A welcome new addition to the Cambio Springs series
After a looooong eight-year gap, Elizabeth Hunter has written another Cambio Springs book, and I, for one, am quite happy she has. Like the other books in the series, Dust Born is a smooth-reading blend of mystery, romance, and urban fantasy. Although, if we’re honest, the fantasy isn’t actually very “urban” – it’s really more like “small-desert-town” fantasy. But either way, it’s a lot of fun!
Snake-shifter Sean Quinn is one of the few in his rather shady reptile-shifter clan to make good in the outside world, having worked his way up to a career as an internationally-known photojournalist. And he also just happens to have a bit of a thing for non-shifter Juniper Hawkins, who may have a bit of a thing for him too. Juni started off as his assistant, and thus was off-limits, but has now built quite a reputation for herself as well. And somehow they keep running into each other around the world: in Thailand, India, Kenya…
However, when Sean has to head back to Cambio Springs to shoulder family responsibilities, he feels that any chance of a real relationship is over before it has a chance to get started. Or would be over, except for the odd coincidence that Juni’s half-brother is the town’s police chief – and she decides to show up for a nice long visit. The two don’t have much chance to sort out whatever it is that they may (or may not) have going right away, though, because Cambio Springs is being threatened by some rather odd crooks, whose leader seems to bear an almost personal animus for the town. Are there mysterious secrets from the past causing the trouble? Or might it be something more recent? You’ll have to read the book to find out. And of course, to find out what happens with Sean and Juni.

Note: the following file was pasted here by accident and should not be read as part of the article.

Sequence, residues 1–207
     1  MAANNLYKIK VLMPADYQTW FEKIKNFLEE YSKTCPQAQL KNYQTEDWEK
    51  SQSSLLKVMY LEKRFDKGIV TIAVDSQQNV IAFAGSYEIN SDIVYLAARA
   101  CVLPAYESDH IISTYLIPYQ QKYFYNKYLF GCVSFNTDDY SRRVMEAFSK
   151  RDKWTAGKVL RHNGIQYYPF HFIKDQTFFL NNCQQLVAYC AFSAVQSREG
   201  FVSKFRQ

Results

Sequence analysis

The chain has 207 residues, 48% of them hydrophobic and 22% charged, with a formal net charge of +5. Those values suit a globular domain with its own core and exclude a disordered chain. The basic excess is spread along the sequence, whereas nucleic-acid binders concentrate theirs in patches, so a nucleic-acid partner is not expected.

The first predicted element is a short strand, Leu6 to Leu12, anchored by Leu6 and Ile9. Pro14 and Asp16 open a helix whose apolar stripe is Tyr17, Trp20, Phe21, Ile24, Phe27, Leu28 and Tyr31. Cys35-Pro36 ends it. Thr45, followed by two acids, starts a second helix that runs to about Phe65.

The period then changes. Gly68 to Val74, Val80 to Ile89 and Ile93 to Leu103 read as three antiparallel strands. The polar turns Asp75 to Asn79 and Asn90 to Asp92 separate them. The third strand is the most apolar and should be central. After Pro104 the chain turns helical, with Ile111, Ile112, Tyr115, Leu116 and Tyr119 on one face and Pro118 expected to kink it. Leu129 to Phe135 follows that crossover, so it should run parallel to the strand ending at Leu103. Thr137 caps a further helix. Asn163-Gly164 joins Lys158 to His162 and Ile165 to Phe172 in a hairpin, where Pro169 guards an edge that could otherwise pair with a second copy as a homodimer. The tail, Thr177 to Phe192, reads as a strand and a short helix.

I happily tore through Dust Born in two quick sessions, and enjoyed it all: the characters, the story, and the writing. Although it’s mostly a light-hearted story, and there are a lot of laugh-out-loud scenes, Dust Born is not pure cotton candy. There are a few serious moments that add a little heft, exploring an individual’s obligations to their family, and the family’s obligations in return. In my opinion this is a good thing – a straight-sugar diet isn’t very nutritious, after all. And finally, as a side note, there was a teeny bit more steam than is quite to my taste, but it was easy enough to cruise over fast, so not a big deal.
Dust Born is out tomorrow, October 24, 2023, and I highly recommend it. And although the author seems to indicate in the afterword that no more full-length Cambio Springs titles are coming, at least any time soon, I hope it’s well enough received that she changes her mind. So go buy it, or read it with Kindle Unlimited if you have a subscription. Oh yeah, and my thanks to the author for the advance review copy!